In addition to capturing the intensity or emission spectra of these intrinsic biologic fluorophores, the fluorescence lifetime, which is sensitive to binding states, molecular interferences, and other aspects of the molecular environment,3,16,67,91,109,120 can be measured using FLIM. Thus, TPM FLIM data can provide important information about the local biochemical milieu that may aid in distinguishing benign from pathologic cancer features, and as such FLIM is being increasingly employed as a tool in TPM cancer research. A number of elegant discussions and detailed demonstrations of FLIM’s utility in cancer research have been presented,21,91,94 including for human skin imaging,97 and thus we won’t cover this topic in great detail here. However, below we do discuss some FLIM findings as they otherwise fall under our topical criteria, i.e., studies of cancer pathology in ex vivo and in vivo human tissue.
As described above and in Fig. 1, SHG is another two-photon interaction whereby rather than producing a fluorescence excitation, two photons instead interact simultaneously with a non-centrosymmetric target to produce a new photon with exactly twice the energy (i.e., twice the frequency, and half the wavelength) of the interacting photons.10,81,83,95 Hence this emitted SHG signal can be generated and monitored using TPM equipment, and is frequently collected in parallel with a TPEF signal, thus providing another means by which TPM can capture biochemical information from intrinsic biologic molecules.
Both TPEF and SHG are often referred to as “nonlinear” optical processes, because the intensity of their emission signals (i.e., the rate at which 2P interactions occur) is proportional to the square of the irradiating intensity. In other words, doubling the irradiating intensity produces four times the emission signal (TPEF or SHG). Contrast this with 1P excitation, in which the fluorescence emission scales linearly with the excitation intensity. Because SHG and TPEF are nonlinear processes, they are similar in that they are spatially confined and hence highly useful for 3D imaging and can be performed simultaneously with TPM. They are different because SHG is coherent, and hence the amount, direction, and polarization of SHG emission is strongly influenced not just by the scatterers’ concentration, but also by their spacing, order vs. disorder, and orientation (Fig. 2). Thus, SHG provides a window into molecular structure not readily available with TPEF alone. Please see Campagnola and Loew,10 Nadiarnykh et al.,82 Han and Brown,43 Han et al.,44 and Campagnola9 for detailed overviews of these concepts.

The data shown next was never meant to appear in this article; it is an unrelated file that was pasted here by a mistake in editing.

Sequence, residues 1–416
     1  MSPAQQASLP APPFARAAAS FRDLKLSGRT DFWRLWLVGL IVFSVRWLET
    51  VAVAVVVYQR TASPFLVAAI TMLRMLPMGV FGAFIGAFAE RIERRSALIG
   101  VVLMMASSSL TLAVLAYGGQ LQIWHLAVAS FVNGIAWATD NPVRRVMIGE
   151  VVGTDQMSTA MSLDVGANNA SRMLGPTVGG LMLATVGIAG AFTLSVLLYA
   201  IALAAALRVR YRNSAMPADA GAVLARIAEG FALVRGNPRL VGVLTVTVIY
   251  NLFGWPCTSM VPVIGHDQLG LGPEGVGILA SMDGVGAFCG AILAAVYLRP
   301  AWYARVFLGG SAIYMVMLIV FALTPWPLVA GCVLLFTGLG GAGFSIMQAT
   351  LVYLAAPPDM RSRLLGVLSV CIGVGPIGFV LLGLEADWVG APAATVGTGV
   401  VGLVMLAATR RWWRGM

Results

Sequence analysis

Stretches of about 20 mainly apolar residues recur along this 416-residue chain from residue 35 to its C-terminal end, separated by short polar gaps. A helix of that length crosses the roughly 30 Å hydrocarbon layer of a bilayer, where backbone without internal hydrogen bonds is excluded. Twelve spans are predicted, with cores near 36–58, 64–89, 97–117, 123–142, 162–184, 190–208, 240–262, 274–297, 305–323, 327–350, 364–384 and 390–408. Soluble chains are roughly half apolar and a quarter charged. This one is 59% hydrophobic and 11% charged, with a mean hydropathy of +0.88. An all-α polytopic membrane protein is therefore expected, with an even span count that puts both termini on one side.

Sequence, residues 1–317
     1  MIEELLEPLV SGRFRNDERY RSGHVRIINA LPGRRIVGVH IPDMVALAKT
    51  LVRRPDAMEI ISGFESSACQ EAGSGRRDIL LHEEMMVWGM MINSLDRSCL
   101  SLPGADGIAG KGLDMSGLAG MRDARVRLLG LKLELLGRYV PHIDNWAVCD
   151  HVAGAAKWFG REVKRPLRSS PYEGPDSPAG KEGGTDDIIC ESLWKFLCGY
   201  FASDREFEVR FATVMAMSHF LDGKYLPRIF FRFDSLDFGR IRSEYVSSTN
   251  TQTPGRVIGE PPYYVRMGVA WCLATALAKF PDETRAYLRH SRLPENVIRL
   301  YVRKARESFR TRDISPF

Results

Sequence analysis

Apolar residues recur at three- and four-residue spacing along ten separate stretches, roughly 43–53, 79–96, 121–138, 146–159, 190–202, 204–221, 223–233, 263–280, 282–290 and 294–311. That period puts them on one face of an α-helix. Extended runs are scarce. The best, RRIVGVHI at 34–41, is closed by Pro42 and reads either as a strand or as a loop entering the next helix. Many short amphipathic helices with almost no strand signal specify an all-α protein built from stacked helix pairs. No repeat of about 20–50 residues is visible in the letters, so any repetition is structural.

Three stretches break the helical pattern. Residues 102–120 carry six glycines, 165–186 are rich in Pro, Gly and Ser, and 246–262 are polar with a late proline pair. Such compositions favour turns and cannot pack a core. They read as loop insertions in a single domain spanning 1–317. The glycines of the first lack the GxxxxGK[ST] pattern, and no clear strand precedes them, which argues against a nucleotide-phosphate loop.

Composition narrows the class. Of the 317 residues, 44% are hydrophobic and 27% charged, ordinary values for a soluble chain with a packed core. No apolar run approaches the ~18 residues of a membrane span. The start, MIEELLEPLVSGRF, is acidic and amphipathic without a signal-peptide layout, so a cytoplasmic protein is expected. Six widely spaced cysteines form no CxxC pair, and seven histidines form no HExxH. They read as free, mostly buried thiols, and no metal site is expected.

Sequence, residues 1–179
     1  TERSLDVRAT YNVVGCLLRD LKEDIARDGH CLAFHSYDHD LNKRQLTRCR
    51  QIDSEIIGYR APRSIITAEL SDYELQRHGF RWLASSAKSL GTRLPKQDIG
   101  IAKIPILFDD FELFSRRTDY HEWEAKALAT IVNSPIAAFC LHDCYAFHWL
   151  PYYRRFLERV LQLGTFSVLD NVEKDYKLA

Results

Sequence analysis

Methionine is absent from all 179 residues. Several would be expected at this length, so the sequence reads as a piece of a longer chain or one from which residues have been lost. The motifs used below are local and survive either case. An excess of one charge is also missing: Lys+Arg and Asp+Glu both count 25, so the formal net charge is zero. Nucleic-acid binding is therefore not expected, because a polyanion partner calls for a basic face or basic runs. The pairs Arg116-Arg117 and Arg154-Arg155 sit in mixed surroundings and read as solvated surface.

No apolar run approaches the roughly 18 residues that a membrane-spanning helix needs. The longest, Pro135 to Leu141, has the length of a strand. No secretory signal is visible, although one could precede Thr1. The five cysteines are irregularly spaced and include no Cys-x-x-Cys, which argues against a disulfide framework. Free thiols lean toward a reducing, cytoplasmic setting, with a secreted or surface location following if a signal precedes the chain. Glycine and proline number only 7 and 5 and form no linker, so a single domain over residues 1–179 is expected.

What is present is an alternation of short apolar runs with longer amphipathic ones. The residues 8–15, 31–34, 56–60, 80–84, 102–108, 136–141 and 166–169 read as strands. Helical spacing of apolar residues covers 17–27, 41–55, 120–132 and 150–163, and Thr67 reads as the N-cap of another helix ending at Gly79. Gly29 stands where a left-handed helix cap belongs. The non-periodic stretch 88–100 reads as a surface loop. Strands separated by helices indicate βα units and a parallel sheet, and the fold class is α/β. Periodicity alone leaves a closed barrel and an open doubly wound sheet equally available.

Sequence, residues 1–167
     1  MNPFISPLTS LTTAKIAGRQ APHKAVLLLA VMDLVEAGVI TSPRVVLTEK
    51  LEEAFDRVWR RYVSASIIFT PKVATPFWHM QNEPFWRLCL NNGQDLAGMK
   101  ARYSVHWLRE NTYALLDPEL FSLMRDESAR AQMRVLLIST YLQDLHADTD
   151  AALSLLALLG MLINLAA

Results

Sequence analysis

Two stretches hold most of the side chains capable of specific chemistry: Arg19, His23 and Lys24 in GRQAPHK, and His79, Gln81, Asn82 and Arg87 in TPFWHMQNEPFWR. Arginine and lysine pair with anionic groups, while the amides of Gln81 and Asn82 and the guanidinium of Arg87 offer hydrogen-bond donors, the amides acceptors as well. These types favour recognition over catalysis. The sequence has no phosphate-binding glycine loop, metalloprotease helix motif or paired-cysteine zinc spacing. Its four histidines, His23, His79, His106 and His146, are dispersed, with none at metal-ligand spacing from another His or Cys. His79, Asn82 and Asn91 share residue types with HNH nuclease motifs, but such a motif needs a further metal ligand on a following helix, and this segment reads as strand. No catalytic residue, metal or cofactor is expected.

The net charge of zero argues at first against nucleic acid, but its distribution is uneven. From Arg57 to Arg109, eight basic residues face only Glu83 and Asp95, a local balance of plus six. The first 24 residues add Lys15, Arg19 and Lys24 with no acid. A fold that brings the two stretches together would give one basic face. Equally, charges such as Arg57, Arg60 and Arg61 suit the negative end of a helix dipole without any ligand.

In the context of cancer and this review, collagen, of which there are many forms, is a highly ordered non-centrosymmetric extracellular matrix (ECM) protein that generates a strong SHG signal (Fig. 3), and a significantly weaker TPEF signal. In purified gel form, the strength of collagen’s SHG and TPEF signals vary with the irradiating wavelength, with 800 nm irradiation producing the strongest SHG (400 nm) and a weak TPEF (~450–600 emission, with peak at ~525 nm), whereas 730 nm irradiation produces the strongest collagen TPEF (same emission spectra) and a relatively weaker (but still potent) SHG signal (365 nm) compared to 800 nm irradiation.126 Collagen was first identified as an SHG-generating component of biological tissue in studies from two groups 20– 30 years ago.30,100 However only with the serious emergence of TPM in biological research did capturing of the SHG signal from collagen and biological tissues become more readily accessible.8,11,12,22,41,56,106,124,126 Several early pre-clinical studies utilized TPM to image SHG and collagen in ex vivo or in vivo tumor tissue,8,42,112 and since then TPM SHG has become a widely employed tool for probing cancer biology, since probing collagen’s molecular organization may provide important insights into cancer pathogenesis.